d. an ongoing medical or surgical procedure in which the nurse is actively engaged and whose continued presence through the completion of the procedure is needed to ensure the health and safety of the patient.
|Q: What is considered a “patient care emergency”?
A: A "patient care emergency" means a situation that:
|Q: What constitutes a “good faith” effort by an employer before using mandatory overtime?
|Before using mandatory overtime provisions and requiring an on-duty employee to remain, an employer must make a good faith effort to have overtime covered on a voluntary basis. This includes, but is not limited to, calling per diems, agency nurses, assigning floats, or requesting an additional day of work from off-duty employees, to the extent such staffing options exist. Failure to engage in a good faith effort is a violation of the law.
|Q: What is a “health care disaster”?
A: A health care disaster means a natural or other type of disaster that:
Increases the need for health care personnel
|Q: Is a health care employer required to notify the Department of Labor when it uses an exception to the limit on mandatory overtime?
|A. Yes, any covered health care employer must notify the Department of Labor of an exception to the limit on mandatory overtime when they are in use: (a) 15 days or more in a given month or (b) 45 days or more in any consecutive 3-month period.
For any exception of 15 days or more in a given month an employer must report to the Department of Labor and Department of Health: (i) the number od days mandatory overtime was required; (ii) the number of employees that were required to remain on duty in overtime status; and (iii) the dates and times mandatory overtime was required.
For any exception of 45 days or more in any consecutive 3-month period, the employer must file an explanation for why mandatory overtime was required and provide an estimate of when the employer intends to stop using mandatory overtime with the Department of Labor and Department of Health.
|Q: Can a nurse work overtime voluntarily?
A: Yes, the law does not prohibit a nurse from voluntarily working overtime. A nurse may volunteer for overtime by agreeing to:
Work a particular day or shift over and above his or her regularly scheduled work hours
|Q: What if my contract or collective bargaining agreement has additional protections against the use of mandatory overtime?
A: Such provisions would still be in effect because the law cannot diminish or waive any rights of any nurse pursuant to any other:
|Q: What if my employer asked me to waive my rights under this law?
|A: A health care employer may not use employee waivers of the protections afforded under Labor Law §167 or this Part as an alternative to compliance with such law or regulation. A health care employer who seeks such a waiver from a nurse will have violated the law.
|Q: What can I do if I was required to work overtime but I do not believe my employer met the requirements of the law?
|A: If you believe that your employer mandated overtime in violation of the law, you can file a Mandatory Overtime Complaint form. Get an electronic version of the form here, or you may call (888) 4-NYSDOL or (518) 457-9000 to obtain a hard copy. Submit the completed form by mail or fax to the address shown at the top of the form. A complaint must be made in good faith.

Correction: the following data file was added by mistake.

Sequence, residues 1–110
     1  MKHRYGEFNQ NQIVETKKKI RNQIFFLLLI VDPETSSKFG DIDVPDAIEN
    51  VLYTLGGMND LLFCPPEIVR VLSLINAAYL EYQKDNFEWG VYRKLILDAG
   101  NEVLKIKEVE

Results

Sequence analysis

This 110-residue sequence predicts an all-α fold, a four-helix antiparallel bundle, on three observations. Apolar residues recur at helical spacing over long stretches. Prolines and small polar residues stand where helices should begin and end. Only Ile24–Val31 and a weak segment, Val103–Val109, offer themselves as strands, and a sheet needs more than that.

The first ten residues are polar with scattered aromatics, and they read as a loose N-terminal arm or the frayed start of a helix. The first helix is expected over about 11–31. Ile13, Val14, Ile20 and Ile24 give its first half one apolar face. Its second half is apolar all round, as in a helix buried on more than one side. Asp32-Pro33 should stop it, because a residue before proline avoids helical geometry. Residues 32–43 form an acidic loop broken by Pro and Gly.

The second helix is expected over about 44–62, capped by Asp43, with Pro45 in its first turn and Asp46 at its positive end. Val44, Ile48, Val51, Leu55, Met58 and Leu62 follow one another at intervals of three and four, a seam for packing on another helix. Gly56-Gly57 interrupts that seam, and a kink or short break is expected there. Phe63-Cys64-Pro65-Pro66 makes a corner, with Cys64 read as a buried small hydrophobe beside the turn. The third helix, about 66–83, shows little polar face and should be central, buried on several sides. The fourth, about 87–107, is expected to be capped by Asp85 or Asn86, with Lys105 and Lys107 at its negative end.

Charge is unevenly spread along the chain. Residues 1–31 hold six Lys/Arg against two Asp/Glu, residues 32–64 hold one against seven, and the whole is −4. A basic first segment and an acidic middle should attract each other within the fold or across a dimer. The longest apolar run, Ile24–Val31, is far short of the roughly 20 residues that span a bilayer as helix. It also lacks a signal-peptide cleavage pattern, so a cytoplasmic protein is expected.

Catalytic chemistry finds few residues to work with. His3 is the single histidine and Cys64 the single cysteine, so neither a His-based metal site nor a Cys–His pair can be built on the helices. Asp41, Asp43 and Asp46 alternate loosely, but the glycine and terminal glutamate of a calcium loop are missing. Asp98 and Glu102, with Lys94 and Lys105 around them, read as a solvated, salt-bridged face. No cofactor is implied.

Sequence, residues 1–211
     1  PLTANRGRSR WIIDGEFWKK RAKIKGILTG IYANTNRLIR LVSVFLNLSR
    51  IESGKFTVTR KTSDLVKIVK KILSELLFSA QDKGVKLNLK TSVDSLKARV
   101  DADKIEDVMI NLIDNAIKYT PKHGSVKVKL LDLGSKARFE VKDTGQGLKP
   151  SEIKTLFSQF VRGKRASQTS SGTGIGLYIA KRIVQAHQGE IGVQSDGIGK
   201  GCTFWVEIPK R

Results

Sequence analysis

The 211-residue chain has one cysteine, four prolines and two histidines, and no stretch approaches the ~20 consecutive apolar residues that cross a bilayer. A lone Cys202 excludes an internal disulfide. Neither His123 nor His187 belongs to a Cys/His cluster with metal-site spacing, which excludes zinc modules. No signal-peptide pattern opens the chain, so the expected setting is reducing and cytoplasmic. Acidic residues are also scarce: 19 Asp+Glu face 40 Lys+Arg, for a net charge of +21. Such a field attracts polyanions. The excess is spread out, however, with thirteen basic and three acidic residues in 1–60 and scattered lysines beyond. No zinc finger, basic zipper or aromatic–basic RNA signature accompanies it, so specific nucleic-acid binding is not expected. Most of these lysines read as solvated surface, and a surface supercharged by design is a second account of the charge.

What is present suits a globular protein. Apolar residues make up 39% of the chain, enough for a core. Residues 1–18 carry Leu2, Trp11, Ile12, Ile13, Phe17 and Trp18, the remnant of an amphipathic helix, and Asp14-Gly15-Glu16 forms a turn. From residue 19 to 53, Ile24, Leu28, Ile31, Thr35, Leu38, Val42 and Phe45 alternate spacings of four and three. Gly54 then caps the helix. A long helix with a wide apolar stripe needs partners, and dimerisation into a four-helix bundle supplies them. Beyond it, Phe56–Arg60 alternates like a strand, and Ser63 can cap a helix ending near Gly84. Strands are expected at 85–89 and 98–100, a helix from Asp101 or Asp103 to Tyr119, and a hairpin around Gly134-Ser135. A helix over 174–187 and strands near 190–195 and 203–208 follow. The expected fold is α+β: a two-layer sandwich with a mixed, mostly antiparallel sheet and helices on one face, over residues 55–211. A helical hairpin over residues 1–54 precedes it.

|Q: Who can file a complaint?
A: A complaint may be filed by:
Please file a separate complaint form for each individual who is alleged to be mandated to work overtime in violation of the law.
|Q: Can I file a mandatory overtime complaint if the suspected violation took place during an emergency?
|A: Yes, the Department of Labor will investigate complaints related to mandatory overtime during an emergency in partnership with the Department of Health. The Department of Labor’s enforcement officer may investigate a complaint in consultation with the Department of Health and must give the employer notice of the complaint. The Department of Labor and Department of Health oversee an employer’s use of mandatory overtime during an emergency.
|Q. Does my employer have to notify me regarding how to file a complaint?
|A. Yes. The Department of Labor has developed a poster containing information for employees on filing a complaint related to mandatory overtime. It is available on our website here: English | Spanish. Every covered health care employer must display the poster in a clearly visible location accessible to employees in the workplace.
|Q. Who investigates a mandatory overtime complaint?
|A: The Department of Labor has appointed an enforcement officer who is officially charged with investigating any complaint of mandatory overtime.
|Q: What happens after I file a Mandatory Overtime Complaint?
|A: The Department of Labor will conduct an investigation in consultation with the Department of Health. You will receive an acknowledgement of your complaint. We may contact you if we need further information. The Department of Labor will also contact the health care employer as part of its investigation. If we determine that the complaint is valid, the Department of Labor issue an order directing compliance to the employer particularly describing the alleged violation. A copy of the order will be provided to any employee who filed a complaint and their “authorized representative.
|Q: Can the Department of Labor issue penalties for violations?
|A: The Department of Labor may issue civil penalties for violations as follows: no more than $1000 for a first violation, $2000 for a second violation in 12 months and $3000 for a third or subsequent violation within 12 months. For a violation that occurred during an emergency, the Department of Labor may issue a maximum civil penalty of $500.
|Q: Who can I contact if I have questions?
A: You may contact the Department of Labor’s Enforcement Officer or their representatives at (888) 4-NYSDOL or (518) 457-9000 or via email at LSMandatoryOT.